Is There Something Wrong With a Dog That Does Not Bark?

Golden retrievers are prone to laryngeal paralysis as they age.
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Not all dogs bark, but all use some type of vocalization to communicate. Just how often a dog vocalizes depends on the situation, the breed and the personality of the dog himself. When vocalization ceases entirely, however, it could be a sign of trouble in his larynx.

Some Breeds Don't Bark

If you're wondering why your dog makes noises that sound like singing or groaning, but never barks, it could just be that you have a non-barking breed. Basenjis, salukis, shiba inus and New Guinea singing dogs make all sorts of strange and beautiful music with their voices, but these breeds do not have traditional barks. Other breeds, such as the Rhodesian ridgeback and bull mastiff, are naturally silent watchdogs who only bark or vocalize when trouble comes along.


If your normally chatty companion suddenly goes silent, it could be a problem with the larynx. Laryngitis is an inflammation of the larynx caused by an upper respiratory infection or by inhaling smoke, dust or other small particles. Though uncomfortable, laryngitis typically is very treatable and temporary. But if left untreated, the illness can lead to a worsening infection that spreads through the throat and mouth. Consult your vet if your dog sounds hoarse or stops barking suddenly.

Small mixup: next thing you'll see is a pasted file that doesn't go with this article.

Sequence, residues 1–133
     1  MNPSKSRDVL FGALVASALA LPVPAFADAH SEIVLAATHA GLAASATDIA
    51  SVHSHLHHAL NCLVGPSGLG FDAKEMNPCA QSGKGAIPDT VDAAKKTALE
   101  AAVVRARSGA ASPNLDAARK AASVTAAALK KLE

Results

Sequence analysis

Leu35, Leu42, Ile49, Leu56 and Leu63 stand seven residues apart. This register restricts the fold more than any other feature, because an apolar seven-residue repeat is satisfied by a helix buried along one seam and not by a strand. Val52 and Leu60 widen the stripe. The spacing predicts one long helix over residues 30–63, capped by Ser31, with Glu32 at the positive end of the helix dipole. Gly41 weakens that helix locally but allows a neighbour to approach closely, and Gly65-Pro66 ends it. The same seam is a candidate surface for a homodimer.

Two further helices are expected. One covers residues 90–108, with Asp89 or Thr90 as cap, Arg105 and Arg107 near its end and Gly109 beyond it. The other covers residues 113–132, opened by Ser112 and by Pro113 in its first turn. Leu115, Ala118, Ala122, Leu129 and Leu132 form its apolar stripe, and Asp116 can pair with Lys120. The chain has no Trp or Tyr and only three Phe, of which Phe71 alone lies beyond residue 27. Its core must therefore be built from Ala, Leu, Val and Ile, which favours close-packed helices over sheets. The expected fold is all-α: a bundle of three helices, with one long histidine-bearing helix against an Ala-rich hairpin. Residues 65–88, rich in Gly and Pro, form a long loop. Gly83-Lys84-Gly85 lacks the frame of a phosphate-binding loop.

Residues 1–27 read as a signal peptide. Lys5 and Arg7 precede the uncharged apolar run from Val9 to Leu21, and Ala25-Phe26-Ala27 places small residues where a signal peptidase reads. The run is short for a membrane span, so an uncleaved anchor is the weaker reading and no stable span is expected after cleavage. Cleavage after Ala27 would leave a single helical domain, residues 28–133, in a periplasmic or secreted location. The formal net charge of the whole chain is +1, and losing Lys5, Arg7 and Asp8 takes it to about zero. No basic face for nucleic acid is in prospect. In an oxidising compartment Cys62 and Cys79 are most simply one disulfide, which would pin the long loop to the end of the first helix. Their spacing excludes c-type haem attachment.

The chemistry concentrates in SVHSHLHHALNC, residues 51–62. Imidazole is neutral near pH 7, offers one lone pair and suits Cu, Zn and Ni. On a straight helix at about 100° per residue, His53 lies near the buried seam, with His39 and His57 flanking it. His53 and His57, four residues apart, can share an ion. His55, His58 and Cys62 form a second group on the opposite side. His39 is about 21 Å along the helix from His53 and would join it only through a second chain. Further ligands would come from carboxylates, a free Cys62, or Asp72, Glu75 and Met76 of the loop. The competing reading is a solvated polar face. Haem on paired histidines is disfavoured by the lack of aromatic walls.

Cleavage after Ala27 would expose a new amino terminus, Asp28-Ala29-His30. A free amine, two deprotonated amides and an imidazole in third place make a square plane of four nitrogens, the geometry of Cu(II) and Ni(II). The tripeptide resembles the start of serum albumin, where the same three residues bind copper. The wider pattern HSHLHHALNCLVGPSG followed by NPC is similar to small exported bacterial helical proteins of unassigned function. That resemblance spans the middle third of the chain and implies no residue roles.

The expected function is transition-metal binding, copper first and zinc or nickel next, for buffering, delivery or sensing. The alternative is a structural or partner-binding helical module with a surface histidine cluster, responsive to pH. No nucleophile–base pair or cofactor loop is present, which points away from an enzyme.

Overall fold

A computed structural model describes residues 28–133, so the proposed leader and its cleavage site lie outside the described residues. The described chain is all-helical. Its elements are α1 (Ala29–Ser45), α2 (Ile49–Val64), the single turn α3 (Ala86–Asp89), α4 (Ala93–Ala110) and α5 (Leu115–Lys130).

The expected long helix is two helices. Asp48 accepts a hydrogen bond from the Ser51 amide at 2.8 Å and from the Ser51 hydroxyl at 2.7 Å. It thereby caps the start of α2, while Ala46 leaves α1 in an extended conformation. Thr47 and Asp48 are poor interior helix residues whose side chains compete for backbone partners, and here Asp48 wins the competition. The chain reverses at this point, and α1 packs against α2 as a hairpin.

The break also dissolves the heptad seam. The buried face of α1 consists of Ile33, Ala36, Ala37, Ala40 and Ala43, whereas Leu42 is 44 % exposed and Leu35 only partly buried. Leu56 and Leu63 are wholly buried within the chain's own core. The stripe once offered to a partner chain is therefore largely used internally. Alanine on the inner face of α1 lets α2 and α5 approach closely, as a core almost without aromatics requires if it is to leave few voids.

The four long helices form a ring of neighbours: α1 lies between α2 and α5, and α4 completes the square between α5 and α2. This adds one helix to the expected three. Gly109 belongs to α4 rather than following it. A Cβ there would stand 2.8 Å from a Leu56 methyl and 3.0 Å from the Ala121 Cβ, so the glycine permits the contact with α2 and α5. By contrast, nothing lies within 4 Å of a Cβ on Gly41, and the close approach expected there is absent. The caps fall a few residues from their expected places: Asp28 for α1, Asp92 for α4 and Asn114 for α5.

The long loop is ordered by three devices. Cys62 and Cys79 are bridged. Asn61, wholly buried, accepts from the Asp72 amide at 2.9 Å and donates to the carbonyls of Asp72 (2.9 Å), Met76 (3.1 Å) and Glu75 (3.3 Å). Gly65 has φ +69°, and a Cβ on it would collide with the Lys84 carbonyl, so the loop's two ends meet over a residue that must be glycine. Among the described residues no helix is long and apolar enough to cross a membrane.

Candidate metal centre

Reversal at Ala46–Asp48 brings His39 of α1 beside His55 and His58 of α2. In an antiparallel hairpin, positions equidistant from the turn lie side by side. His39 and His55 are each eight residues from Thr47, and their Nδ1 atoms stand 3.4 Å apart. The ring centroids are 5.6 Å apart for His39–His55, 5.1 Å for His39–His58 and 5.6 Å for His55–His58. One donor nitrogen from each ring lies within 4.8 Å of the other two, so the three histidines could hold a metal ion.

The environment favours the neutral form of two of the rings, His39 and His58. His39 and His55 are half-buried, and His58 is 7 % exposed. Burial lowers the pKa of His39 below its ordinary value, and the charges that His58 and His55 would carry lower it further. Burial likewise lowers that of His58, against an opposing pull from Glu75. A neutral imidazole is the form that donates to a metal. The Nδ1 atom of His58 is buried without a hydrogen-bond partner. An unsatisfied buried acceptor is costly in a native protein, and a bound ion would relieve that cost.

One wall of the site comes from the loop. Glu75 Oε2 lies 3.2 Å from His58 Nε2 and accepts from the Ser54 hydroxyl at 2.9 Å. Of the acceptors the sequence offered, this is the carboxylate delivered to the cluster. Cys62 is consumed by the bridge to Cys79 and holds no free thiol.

Laryngeal Paralysis

Laryngeal paralysis typically affects large-breed dogs in their later years. Labrador and golden retrievers, Irish setters, St. Bernards, and Great Pyrenees dogs are particularly susceptible. Laryngeal paralysis typically results from hypothyroidism, but is hereditary in Siberian huskies, Bouviers des Flandres, bull terriers and Dalmatians. The onset of laryngeal paralysis usually is accompanied by a roaring sound when a dog inhales after exercise. His bark then weakens and breathing becomes labored as swelling in the throat increases. Surgery is the only treatment.

Laryngeal Trauma and Collapse

Injuries to a dog's throat can occur from accidents, choke chain pressure, bite wounds or damage caused by swallowing sharp objects. Dogs with laryngeal injuries may breathe normally at rest but wheeze when active, and cease barking. Treatment can be anything from rest to tracheal surgery. Laryngeal collapse is triggered by pressure changes in the upper airway -- including laryngeal paralysis -- that stretch the ligaments that support laryngeal cartilage and cause them to collapse inward. Eventually, breathing becomes almost impossible. Surgery is the only treatment.

Always check with your veterinarian before changing your pet’s diet, medication, or physical activity routines. This information is not a substitute for a vet’s opinion.

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